Inflammatory bowel disease (IBD) is a chronic illness characterized by dysregulated immune cascades in the intestines, in which the Th17 immune response plays an important role. We demonstrated that mice with intestinal epithelium–specific deletion of Krüppel-like factor 5 (Klf5) developed Th17-dependent colonic inflammation. In the absence of KLF5, there was aberrant cellular localization of phosphorylated STAT3, an essential mediator of the Th17-associated cytokine, IL-22, which is required for epithelial tissue regeneration. In contrast, mitigation of IL-17A with anti–IL-17A neutralizing antibody attenuated colitis in Klf5-deficient mice. There was also a considerable shift in the colonic microbiota of Klf5-deficient mice that phenocopied human IBD. Notably, the inflammatory response due to Klf5 deletion was alleviated by antibiotic treatment, implicating the role of microbiota in pathogenesis. Finally, human colitic tissues had reduced KLF5 levels when compared with healthy tissues. Together, these findings demonstrated the importance of KLF5 in protecting the intestinal epithelium against Th17-mediated immune and inflammatory responses. The mice described herein may serve as a potential model for human IBD.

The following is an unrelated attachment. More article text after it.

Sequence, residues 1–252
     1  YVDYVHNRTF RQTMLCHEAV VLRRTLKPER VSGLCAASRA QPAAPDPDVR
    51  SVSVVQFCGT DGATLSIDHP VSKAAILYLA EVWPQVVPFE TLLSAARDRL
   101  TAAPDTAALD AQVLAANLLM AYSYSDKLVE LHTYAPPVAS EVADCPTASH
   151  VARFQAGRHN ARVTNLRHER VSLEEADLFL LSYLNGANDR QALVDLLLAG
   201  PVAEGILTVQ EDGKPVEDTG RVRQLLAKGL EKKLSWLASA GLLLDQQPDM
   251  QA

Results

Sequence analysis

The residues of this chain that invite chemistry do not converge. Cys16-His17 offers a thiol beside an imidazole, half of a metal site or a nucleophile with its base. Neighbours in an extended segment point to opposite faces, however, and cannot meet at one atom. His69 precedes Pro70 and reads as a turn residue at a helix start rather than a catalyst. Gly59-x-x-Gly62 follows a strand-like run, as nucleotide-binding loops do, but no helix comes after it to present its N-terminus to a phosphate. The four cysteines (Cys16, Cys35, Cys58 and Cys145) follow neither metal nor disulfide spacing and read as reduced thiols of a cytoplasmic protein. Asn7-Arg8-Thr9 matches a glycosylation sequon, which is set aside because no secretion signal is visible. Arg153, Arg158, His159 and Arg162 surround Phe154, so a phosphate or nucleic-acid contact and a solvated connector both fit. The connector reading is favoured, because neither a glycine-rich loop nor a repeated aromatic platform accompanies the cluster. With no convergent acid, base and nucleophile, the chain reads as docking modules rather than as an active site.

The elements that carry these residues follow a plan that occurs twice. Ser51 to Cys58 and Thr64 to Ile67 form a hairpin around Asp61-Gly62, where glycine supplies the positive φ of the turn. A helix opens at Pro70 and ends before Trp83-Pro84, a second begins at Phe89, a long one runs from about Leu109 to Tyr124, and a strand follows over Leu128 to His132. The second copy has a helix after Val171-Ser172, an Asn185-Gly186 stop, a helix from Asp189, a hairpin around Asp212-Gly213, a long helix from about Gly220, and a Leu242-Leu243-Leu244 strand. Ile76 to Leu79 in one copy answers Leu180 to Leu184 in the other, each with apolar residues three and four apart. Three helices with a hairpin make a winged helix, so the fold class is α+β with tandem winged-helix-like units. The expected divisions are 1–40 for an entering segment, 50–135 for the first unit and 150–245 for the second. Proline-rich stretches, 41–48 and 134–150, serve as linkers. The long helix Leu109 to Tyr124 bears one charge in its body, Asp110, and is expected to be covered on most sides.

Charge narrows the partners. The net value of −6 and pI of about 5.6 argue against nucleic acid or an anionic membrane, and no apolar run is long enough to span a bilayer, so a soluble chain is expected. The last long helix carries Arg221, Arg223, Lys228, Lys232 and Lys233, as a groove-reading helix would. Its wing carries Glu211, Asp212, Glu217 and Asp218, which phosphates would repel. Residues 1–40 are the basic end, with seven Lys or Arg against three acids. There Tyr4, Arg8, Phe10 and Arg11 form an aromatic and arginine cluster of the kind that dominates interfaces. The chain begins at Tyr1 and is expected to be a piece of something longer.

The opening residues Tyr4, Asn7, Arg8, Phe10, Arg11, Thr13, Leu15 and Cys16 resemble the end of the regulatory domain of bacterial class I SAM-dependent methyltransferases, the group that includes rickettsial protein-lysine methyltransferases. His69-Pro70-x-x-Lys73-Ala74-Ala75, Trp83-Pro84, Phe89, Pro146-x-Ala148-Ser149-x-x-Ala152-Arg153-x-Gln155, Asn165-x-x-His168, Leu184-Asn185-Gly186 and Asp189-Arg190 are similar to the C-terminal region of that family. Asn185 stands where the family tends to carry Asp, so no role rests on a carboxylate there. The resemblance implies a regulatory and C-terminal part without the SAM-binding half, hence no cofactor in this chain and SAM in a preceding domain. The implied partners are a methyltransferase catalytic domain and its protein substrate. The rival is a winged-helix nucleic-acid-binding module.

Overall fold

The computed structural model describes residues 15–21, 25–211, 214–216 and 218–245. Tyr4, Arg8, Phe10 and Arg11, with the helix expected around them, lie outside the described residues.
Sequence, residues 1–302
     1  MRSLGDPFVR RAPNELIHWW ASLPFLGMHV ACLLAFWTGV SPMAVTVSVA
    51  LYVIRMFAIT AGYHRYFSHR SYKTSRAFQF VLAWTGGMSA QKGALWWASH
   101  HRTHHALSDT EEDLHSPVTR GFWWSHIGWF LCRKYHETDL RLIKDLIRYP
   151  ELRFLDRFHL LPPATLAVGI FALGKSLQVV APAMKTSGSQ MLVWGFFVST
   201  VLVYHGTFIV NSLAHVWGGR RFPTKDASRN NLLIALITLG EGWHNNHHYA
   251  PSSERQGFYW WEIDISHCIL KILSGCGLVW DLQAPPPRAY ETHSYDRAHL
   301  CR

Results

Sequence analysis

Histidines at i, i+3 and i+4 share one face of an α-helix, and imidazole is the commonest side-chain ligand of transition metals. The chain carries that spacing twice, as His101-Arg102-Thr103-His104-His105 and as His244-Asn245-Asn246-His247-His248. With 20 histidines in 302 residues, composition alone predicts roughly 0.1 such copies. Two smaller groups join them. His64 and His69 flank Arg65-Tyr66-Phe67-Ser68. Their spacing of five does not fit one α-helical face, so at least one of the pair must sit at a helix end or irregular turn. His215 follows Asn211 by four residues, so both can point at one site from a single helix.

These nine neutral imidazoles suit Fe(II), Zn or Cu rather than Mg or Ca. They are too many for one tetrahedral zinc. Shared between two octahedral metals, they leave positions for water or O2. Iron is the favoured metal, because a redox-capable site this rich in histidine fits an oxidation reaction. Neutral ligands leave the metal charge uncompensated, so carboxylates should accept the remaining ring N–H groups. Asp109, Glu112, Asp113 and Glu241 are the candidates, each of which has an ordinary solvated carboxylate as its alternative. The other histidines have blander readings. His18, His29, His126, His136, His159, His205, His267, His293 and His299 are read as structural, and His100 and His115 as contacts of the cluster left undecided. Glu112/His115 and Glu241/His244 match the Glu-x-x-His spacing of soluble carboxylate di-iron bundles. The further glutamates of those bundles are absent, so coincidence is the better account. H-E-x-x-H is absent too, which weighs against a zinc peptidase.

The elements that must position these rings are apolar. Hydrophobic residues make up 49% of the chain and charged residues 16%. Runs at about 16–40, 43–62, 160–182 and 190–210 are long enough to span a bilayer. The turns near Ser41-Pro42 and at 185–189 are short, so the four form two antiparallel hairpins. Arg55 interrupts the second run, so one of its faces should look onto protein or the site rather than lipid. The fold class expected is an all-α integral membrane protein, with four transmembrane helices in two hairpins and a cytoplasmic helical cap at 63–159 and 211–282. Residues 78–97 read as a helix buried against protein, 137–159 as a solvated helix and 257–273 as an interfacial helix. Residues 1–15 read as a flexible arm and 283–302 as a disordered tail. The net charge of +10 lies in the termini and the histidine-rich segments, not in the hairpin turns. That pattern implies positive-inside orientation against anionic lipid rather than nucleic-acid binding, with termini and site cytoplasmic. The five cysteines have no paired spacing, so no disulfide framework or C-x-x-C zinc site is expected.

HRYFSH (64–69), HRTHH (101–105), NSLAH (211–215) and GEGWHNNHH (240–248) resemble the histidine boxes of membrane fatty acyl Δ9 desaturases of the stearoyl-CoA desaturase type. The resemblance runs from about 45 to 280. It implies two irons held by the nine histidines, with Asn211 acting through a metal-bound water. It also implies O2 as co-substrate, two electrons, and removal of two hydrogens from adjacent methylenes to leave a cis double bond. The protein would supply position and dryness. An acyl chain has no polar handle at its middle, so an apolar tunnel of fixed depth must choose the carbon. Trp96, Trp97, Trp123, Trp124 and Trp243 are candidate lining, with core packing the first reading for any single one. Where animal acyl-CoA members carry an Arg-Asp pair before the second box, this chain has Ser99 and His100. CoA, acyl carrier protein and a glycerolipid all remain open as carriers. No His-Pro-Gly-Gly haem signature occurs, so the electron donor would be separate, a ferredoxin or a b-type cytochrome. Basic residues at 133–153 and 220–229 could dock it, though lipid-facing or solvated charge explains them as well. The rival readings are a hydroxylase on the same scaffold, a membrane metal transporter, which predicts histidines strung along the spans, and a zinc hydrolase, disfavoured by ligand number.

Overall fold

Jason Shieh, Timothy H. Chu, Yang Liu, Julie Kim, Ainara Ruiz de Sabando, Soma Kobayashi, Sui Y. Zee, Brian S. Sheridan, Agnieszka B. Bialkowska, Vincent W. Yang